Me (quoting Ester 9:7–10):
7 And Parshandasa and Dalfon and Aspasa
8 and Porasa and Adalya and Aridasa
9 and Parmashta and Arisay and Ariday and Vayzasa,
10 the tensome of the sons of Haman ben Ham'dasa, terrorizer of the Jews, they killed....
My kid: Why are the ten names split up over three p'sukim?
Me: I don't know. Maybe it was too long for one?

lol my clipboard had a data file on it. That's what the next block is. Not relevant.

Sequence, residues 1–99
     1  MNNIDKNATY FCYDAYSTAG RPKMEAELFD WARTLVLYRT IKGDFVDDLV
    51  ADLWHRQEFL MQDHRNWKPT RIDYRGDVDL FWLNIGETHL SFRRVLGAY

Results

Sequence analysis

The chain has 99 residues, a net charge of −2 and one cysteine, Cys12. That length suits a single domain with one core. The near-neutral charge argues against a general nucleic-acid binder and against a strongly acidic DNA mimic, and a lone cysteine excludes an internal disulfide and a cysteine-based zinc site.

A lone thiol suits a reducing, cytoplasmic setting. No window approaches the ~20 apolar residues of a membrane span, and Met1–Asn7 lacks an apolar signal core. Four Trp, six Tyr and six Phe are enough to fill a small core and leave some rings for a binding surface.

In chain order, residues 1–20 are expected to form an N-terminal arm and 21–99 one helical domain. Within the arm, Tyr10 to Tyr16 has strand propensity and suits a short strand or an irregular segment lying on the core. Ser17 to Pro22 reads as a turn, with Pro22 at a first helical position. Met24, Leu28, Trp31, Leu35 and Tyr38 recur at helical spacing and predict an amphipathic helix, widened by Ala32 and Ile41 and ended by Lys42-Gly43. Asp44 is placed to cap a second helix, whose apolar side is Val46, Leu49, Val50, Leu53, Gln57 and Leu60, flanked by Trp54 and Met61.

My kid: I've seen p'sukim longer than all three put together!
Me: Good point.
The truth is that, as noted in a comment, this question may be a little weak — perhaps that's just how the authors of Ester liked to write — but the same question applies to Sh'mos 1:2–4, where I expect a stronger answer than "the author just liked to write that way". So consider my question to be about those (and similar) p'sukim in Chumash instead, if you prefer, although I ideally would still like an answer about the specific p'sukim in Ester quoted above.